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Finding health outside
Case Study: Bringing parks to the people

Case Study

Did you know one in three children are obese or overweight in San Mateo County and expected to develop Type 2 Diabetes in their lifetime? To reverse these trends, Get Healthy San Mateo County is looking for new ways to increase opportunities for people to be active. Research shows when youth interact with nature they are more likely to have positive environmental attitudes and behaviors in adulthood.1 San Mateo County has a wealth of beautiful outdoor space that all community members can utilize.

One great way to inspire healthy habits like hiking, exploring, and outdoor play is to expose youth to the outdoors early on.

Finding health outside

San Mateo County’s Parks and Recreation Department has a great program to facilitate access: Take a Hike.

Take a Hike park rangers lead free hikes in one of the County’s 20 parks and over 17,000 acres on the first Saturday of the month from March through November each year. The program encourages residents to get outdoors, enjoy nature, and engage in physical activity. However, many families lack the resources and transportation to get there.

Unfortunately, not everyone has the same opportunities to benefit from being active outdoors and connecting with nature.

Low-income communities generally have reduced access to parks and open space. Safety is a concern when accessing neighborhood parks, whereas county parks and open spaces are typically farther away from low income communities, not easily accessible via public transit, and therefore more costly and infeasible to visit.

“Many of the families that participated in the hike don’t have consistent access to transportation, and as a result, have never gotten the chance to enjoy the beautiful natural spaces that exist in their own backyard…the hike helped our students and families to realize that exercising as a family can be fun! Experiences like Take a Hike are so important in teaching our students to develop healthy lifestyles. My students are constantly reminding me of all the amazing trees and animals they saw on their hike!”
– Tiffany Moon, EPACS Teacher

Bringing parks to the people

East Palo Alto has one of the poorest health outcomes in San Mateo County, where residents live 13 years less than the County average (62 compared to 75 years). This is a result of numerous factors that cumulatively impact health, such as the ability to be active outside. A recent analysis by The Trust for Public Land showed that almost half of East Palo Alto residents have no parks or open space within a half mile of their home.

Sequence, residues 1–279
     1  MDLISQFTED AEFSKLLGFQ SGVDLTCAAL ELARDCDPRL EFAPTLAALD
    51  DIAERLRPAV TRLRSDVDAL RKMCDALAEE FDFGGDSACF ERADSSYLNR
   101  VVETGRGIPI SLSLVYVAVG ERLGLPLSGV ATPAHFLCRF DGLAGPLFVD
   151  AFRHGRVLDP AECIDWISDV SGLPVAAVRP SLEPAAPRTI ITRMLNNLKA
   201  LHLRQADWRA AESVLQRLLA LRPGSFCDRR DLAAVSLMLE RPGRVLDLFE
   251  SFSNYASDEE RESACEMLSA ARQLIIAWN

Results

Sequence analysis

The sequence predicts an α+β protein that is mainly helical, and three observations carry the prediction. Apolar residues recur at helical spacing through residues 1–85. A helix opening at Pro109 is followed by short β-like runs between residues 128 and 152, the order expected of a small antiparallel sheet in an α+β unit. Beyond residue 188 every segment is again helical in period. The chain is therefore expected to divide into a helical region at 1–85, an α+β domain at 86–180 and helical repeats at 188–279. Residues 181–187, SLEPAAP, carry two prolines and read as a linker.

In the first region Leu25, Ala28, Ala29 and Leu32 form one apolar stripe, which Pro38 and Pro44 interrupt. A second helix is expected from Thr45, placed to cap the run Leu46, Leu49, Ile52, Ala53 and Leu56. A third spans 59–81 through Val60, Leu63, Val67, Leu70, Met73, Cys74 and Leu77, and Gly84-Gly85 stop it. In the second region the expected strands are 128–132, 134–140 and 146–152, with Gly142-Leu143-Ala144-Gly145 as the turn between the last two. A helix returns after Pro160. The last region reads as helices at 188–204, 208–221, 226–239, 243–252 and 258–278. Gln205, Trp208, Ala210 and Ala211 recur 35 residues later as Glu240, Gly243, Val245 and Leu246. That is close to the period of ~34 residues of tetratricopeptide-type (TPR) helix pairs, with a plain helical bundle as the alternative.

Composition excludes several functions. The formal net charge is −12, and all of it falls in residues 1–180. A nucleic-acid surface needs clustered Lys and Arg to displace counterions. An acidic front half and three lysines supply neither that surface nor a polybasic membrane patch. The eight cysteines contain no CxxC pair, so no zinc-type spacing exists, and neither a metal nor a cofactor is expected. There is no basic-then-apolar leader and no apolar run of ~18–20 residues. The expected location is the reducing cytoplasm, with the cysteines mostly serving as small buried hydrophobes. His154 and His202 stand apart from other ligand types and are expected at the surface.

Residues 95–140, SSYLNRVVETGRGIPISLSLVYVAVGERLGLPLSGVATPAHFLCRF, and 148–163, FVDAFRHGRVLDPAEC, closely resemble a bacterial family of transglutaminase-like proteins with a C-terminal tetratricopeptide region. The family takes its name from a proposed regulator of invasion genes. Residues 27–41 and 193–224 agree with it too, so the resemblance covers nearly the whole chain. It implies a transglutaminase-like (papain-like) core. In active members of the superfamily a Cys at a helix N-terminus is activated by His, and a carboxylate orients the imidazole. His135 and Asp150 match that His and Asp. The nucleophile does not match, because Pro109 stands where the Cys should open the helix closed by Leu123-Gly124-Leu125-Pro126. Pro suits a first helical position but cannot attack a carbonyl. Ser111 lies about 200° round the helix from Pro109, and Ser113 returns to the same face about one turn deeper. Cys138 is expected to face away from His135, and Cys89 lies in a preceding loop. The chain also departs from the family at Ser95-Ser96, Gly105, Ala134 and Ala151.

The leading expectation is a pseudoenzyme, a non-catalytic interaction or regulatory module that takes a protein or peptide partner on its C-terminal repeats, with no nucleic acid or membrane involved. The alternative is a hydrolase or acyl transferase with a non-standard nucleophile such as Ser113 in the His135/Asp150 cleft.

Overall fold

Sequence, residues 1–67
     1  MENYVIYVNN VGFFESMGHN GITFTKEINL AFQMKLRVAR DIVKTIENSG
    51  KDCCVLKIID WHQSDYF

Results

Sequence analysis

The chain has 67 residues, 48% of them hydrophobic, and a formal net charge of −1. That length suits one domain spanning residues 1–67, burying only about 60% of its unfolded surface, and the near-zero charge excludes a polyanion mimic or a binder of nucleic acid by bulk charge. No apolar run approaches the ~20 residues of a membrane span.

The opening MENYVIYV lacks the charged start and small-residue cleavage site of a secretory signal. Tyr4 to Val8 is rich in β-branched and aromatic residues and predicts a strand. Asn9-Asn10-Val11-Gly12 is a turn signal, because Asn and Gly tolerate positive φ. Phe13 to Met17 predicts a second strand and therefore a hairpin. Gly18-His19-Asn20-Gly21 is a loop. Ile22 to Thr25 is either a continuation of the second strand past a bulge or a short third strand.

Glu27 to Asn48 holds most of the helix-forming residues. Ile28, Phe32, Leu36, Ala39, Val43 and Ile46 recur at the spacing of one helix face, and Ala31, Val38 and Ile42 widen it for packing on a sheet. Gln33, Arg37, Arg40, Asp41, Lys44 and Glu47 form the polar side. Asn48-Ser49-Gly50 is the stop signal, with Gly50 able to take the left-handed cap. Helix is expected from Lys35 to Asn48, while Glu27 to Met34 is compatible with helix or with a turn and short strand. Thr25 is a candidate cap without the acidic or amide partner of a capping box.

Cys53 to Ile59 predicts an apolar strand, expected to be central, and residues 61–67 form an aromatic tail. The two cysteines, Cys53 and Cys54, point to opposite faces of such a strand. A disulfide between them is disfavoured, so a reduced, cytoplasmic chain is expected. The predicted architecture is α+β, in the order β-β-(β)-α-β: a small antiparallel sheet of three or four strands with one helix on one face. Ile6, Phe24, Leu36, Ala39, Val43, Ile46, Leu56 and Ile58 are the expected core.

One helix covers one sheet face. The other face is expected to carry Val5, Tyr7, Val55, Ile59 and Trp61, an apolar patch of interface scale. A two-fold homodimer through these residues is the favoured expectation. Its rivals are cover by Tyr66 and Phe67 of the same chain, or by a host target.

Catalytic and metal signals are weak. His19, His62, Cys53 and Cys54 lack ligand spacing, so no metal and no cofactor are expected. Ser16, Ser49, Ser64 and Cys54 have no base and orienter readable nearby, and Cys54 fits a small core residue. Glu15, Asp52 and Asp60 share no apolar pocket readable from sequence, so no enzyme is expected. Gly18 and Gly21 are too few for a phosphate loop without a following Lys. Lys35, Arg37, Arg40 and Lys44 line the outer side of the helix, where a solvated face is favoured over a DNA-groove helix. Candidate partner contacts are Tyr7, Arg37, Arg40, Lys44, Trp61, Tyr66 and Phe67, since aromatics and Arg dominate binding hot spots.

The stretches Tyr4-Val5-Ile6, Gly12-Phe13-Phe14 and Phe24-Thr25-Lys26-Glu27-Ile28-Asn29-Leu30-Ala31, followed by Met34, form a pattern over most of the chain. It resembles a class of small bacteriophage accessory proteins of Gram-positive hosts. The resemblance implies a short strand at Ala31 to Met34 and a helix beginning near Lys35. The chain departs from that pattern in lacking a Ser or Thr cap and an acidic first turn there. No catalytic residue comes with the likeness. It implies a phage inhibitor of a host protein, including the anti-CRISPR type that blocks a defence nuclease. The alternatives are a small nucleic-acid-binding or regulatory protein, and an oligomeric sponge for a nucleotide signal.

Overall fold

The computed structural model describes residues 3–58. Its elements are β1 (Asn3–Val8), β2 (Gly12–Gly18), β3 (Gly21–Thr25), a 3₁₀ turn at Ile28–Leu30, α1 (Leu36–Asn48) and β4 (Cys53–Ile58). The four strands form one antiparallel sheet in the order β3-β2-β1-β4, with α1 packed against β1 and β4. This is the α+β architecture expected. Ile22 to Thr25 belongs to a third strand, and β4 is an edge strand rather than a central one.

Supporting one school and inspiring 150 youth to be active outdoors

To help get one school on a better path, Get Healthy provided funding for buses to take over 150 students, their families, and teachers from East Palo Alto Charter School (EPACS) to Pacifica to hike San Pedro Valley Park in May 2015 as part of the San Mateo County Parks’ Take a Hike program. EPACS has primarily Latino students, with 9 out of 10 qualifying for free or reduced lunches. This was the first time most of these families had ever been to Pacifica and for many their first time hiking.

“One student even said that before this hike she wasn’t sure about nature because she thought it was boring, but now she knows that she LOVES nature!”
– Kristina Turner, EPACS Teacher

Park rangers welcomed EPACS families and other Take a Hikers by sharing what plants and animals they might see along the trail. They organized two hikes for the day – one easier for people with less experience and the other more rigorous – both led by park rangers. A sports medicine specialist from Kaiser Permanente led the group through warm-up exercises and discussed how to prepare for physical activities, such as by being well hydrated and eating nutritious foods.

“We should continue to go on hikes because it sets a good example for our kids to exercise and take care of their health.”
– Lucia Velasco, EPACS parent

Students set off on their hike looking for wildlife and spotting numerous birds and insects. Upon returning, participants visited the Visitor Center for more details on the plants and animals that can be found in the park. Many students and families said they wanted to return or visit another County park. EPACS staff said the coordination effort was minimal and well worth the results of seeing their students enjoying nature and being active.

For more information on funding similar opportunities, visit